To many, these individuals may not look like spiritual teachers—but not because they lack spiritual riches to offer. I remember wondering why I was listening to Buddhist chanting instead of John Coltrane’s “Love Supreme” during my morning meditation period. I remember several black elders teaching me how to make heated dialogue into a meditation on relationship instead of an inner practice of loving-kindness. I remember Dr. King waking me up to the fact that spirituality is also a public practice when I heard him say that “justice is what love looks like in public.” I recall Maya Angelou teaching me how to turn great suffering into powerful humanity, a practice I had previously sought in Eastern teachings. I recall poet Etheridge Knight singing to me of desperation, imprisonment, and freedom, lessons that Eastern spiritual teachers had taught me years before.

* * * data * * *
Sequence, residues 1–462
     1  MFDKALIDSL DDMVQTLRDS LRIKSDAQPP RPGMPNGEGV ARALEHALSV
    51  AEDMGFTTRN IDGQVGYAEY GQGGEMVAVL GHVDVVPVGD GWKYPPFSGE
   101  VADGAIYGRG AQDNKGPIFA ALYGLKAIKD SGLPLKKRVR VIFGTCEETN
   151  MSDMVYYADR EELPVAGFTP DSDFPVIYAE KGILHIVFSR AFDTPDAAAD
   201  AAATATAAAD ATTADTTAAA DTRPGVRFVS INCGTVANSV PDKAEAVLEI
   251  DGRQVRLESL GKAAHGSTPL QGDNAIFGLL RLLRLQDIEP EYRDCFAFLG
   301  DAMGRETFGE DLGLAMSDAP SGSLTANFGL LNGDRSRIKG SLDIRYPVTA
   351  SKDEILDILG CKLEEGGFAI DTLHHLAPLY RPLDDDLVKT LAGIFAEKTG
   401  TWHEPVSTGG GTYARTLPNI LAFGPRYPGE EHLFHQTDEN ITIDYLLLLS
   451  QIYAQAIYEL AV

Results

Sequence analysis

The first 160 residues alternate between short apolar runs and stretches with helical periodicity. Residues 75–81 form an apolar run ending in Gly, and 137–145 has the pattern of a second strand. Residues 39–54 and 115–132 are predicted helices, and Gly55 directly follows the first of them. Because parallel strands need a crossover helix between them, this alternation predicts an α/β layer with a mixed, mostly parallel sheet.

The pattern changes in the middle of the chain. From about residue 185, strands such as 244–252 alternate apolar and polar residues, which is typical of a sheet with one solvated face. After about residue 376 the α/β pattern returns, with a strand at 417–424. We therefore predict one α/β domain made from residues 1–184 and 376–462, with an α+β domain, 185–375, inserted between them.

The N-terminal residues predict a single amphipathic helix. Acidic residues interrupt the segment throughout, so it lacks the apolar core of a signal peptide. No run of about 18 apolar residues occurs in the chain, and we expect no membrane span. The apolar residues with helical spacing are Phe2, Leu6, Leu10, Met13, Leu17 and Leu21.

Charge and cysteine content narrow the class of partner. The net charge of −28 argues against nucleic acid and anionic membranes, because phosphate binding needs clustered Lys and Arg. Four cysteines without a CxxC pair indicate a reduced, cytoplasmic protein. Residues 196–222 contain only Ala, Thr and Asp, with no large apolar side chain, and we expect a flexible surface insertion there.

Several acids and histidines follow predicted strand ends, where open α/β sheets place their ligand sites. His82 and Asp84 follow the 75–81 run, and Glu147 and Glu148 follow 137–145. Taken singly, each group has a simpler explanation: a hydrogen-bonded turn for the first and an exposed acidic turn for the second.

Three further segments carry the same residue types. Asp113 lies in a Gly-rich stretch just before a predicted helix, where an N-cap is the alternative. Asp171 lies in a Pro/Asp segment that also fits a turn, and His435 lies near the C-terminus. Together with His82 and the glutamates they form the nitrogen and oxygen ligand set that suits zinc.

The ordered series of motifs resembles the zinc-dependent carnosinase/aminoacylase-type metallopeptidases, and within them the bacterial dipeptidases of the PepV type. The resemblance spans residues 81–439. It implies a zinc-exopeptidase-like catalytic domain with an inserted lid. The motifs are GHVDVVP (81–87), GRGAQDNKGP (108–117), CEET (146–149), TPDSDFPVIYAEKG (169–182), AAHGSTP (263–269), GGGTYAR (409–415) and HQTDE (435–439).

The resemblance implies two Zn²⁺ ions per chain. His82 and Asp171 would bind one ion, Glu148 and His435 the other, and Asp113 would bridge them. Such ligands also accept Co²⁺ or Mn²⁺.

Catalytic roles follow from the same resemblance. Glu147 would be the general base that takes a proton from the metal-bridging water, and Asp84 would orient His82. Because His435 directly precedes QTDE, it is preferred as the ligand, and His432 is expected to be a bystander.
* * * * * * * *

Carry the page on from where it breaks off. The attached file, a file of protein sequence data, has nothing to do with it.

Of course, these black teachers don’t don robes, hold weekend workshops, or show up in the kind of classrooms or retreat centers that many associate with spiritual teaching. Most Americans would liken these elders to artists and activists more than spiritual teachers. And sitting at the feet of these elders challenges our fundamental paradigm of education, especially spiritual education. Nonetheless, their spiritual powers cannot be denied. They offer a way of living, loving, and dying in a world of darkness as well as light.